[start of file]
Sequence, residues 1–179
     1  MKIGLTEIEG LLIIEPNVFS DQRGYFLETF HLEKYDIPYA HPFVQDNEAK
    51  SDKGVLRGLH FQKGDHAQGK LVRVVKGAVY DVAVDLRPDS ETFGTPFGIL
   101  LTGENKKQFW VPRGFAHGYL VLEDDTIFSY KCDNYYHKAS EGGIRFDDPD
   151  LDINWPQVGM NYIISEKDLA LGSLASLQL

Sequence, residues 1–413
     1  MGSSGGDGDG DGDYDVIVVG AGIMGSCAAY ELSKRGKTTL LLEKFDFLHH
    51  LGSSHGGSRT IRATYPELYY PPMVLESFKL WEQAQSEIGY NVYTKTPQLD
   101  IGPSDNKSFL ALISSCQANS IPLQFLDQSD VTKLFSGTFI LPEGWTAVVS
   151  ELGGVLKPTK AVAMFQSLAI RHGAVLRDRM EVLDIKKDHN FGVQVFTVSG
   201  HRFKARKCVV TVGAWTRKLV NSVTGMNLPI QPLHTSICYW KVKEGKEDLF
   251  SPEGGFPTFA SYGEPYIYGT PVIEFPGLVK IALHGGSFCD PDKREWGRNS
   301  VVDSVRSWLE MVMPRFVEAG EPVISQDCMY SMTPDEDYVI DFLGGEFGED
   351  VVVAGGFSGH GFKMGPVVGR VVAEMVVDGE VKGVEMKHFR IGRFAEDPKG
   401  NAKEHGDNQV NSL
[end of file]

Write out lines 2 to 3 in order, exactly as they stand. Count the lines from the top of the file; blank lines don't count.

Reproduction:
     1  MKIGLTEIEG LLIIEPNVFS DQRGYFLETF HLEKYDIPYA HPFVQDNEAK
    51  SDKGVLRGLH FQKGDHAQGK LVRVVKGAVY DVAVDLRPDS ETFGTPFGIL